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Canton fifth is for the kiddies

Canton fifth is for the kiddies

The United States is and has been for some time embroiled in a great discussion about its role in the world based on its military and political alliances as well as its economic interests. 

At the same time, the United States has been embroiled in a similar discussion of who it was, is and will be at home. 

In a scant two years, Americans will have to make some tough choices relative to its isolationist leader’s vision of that role — choices that will determine American global commitments for the rest of the century. 

Domestic policy includes the systemic disenfranchisement of large swaths of the population, enforced by a Supreme Court to which the President has already appointed one of the three justices he’ll ultimately choose. 

With a recession only recently in the rear-view mirror and a stagnant national economy finally beginning to show signs of growth, business is booming in Western North Carolina, especially in Haywood County. 

The year is 1915, the president is Woodrow Wilson and things have never been better in the mountain mill town of Canton, where the Champion Pulp Mill had recently begun production in 1908. 

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Canton’s population was just 230 people in 1900, but as a result of the mill boomed to 1,400 in 1910 and would double in each of the next two decades, due to Champion’s commencement of paper production in 1922. 

On July 5, 1915, there were in total probably about 2,000 town residents, many of whom had read the July 2 issue of the Canton Observer, which ran a front-page news story on the town’s upcoming Fourth of July celebration, held traditionally on the fifth.

“Reports from various parts of the county indicate that one of the biggest crowds which Canton people have ever seen will be here on the 5th of July for the annual celebration,” it reads. 

Festival-goers that day would have seen two performances by The Five Stirewalts, a nationally-known troupe of acrobats and gymnasts that, according to a classified ad in a 1917 edition of Billboard magazine, featured “the smallest acrobatic clown in America.”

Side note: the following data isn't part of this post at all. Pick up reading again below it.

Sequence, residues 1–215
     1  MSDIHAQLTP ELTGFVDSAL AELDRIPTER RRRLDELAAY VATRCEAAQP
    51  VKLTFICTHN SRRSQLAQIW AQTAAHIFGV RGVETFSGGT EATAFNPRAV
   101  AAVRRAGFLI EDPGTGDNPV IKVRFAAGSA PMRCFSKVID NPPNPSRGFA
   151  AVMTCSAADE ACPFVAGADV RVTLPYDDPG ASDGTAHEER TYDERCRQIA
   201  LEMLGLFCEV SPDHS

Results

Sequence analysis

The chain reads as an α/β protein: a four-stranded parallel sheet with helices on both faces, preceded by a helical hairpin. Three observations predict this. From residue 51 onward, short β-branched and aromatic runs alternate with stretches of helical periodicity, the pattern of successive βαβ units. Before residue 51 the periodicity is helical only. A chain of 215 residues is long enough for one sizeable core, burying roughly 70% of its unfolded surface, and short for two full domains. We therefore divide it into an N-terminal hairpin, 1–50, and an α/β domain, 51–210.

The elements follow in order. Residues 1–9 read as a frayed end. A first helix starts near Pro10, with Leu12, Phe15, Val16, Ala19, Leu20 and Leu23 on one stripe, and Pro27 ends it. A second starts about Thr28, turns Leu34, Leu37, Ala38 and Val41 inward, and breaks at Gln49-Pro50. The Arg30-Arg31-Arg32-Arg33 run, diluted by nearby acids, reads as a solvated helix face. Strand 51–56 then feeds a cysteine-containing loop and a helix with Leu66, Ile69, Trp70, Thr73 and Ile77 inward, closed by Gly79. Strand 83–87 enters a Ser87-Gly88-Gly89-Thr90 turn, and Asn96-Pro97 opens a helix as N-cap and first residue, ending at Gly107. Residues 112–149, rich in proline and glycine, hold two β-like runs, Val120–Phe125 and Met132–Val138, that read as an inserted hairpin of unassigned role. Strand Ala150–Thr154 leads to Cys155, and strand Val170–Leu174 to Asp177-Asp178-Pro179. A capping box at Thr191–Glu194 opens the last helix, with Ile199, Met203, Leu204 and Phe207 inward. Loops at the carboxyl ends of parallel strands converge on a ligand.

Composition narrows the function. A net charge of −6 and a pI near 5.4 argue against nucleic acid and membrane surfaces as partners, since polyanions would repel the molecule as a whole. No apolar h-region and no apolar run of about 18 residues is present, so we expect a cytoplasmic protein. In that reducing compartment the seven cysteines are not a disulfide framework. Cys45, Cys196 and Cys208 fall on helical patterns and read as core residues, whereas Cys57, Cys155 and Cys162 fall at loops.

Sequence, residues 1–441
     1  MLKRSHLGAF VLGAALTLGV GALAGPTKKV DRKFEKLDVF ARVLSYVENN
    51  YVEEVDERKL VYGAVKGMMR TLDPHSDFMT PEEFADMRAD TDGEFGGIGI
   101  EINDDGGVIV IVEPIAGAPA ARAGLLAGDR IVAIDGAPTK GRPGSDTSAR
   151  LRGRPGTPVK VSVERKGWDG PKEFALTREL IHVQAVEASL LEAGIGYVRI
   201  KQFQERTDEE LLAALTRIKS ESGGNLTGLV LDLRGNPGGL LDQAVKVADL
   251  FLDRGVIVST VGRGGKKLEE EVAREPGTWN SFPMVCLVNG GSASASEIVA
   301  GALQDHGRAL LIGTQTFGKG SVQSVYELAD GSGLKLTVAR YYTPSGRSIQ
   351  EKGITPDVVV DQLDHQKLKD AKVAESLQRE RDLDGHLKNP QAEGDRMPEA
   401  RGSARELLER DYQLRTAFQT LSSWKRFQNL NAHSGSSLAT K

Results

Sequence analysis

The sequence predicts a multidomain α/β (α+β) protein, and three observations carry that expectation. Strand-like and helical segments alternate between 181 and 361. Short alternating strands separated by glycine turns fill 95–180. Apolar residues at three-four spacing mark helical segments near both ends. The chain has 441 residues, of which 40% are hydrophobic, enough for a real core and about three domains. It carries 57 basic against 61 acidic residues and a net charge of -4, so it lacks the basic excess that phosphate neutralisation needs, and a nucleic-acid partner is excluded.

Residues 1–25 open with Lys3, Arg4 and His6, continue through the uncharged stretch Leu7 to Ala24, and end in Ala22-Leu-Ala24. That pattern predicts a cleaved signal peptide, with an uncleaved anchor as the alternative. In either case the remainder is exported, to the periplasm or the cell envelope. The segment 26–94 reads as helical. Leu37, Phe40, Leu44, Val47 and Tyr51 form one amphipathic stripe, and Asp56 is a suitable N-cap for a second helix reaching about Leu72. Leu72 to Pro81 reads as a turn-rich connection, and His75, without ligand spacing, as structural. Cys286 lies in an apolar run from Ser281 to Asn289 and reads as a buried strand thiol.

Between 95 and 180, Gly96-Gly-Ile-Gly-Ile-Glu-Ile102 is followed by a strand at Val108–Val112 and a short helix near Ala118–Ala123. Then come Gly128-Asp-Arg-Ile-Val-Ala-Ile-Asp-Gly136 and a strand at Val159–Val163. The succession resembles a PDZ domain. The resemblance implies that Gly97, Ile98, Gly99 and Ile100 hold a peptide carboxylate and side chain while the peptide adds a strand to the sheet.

The ad also touts the China Grove, North Carolina-based group as a “strong drawing card for fairs.”

Another strong draw would have been the “inflatables” of the day — hot–air balloons. Two ascensions, likely tethered to the Haywood County clay, were planned amidst the litany of competitions, some of which awarded valuable prizes.

There was a 9:15 a.m. sack race for boys under 16, the prize a suit of clothes. The winner of the 100-yard dash took home six pairs of “hole-proof ” socks. The winner of the greasy pig contest kept the greasy pig. 

The biggest prize of all, however, was bragging rights — a highly anticipated baseball match between Canton and Sunburst was slated for 2:15 p.m. Many of the Sunburst players took the Tennessee & North Carolina Railroad’s Number 10 train to Canton at 7:15 that morning, and then took it back home at 5:30 p.m.

That railroad line is gone now, as is Sunburst itself. Women can vote, most people wouldn’t know what to do with a pig — much less a greased one — and millions of copies of MLB 2018 have been sold for both Xbox and Playstation. 

There were no food trucks on July 5, 1915, no fireworks and no free inflatables for the kiddies — as there will be during this year’s gathering.

In fact, some of the boys there on that day more than a century ago wouldn’t again see tethered balloons until they were entrenched beneath them on the battlefields of Europe; of the thousand or so Haywood County men who were called off to the what would naively be called the “Great War” that President Wilson had predictably become entangled in, 23 would never see Haywood County clay again, socks be darned. 

This July 5, hundreds, if not thousands, of area residents will again flock to Canton’s Sorrells Street Park for a family friendly Fifth, many of them not knowing they’re taking part in a small-town tradition that dates back more than a century. 

They’re looking in the rear-view mirror at an especially cruel “Great Recession” just as an isolationist president who has already appointed one justice to the Supreme Court is about to appoint another. As in 1915, tough decisions await a scant two years hence. 

But just as a century ago, this small mountain mill town’s July 5 celebration will persist, like town and the mill itself, and the American values embodied in therein, for another century or more. 


Canton’s “July 4th plus 1” celebration

In conjunction with Champion Credit Union, the Town of Canton presents the annual “July 4th plus 1” celebration. Food vendors including Crestview Baptist Church, Fat Belly’s, Hit the Pit Barbecue and Lenoir’s Beef and Bakery will be on site, as will free watermelon courtesy of former Mayor Mike Ray and his wife Sherry. Free inflatables courtesy Dutch Cove Baptist Church, and free music all day long. Fireworks after dusk; bring a chair or blanket. Event is free and open to all. 

• Time: 6 p.m.

• Date: Thursday, July 5

• Location: Sorrels Street Park, downtown Canton

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1 comment

  • I love the story on the history of July 5th .People should know how this town has always came through and over came many hard times.

    posted by Love my hometown

    Sunday, 07/04/2021

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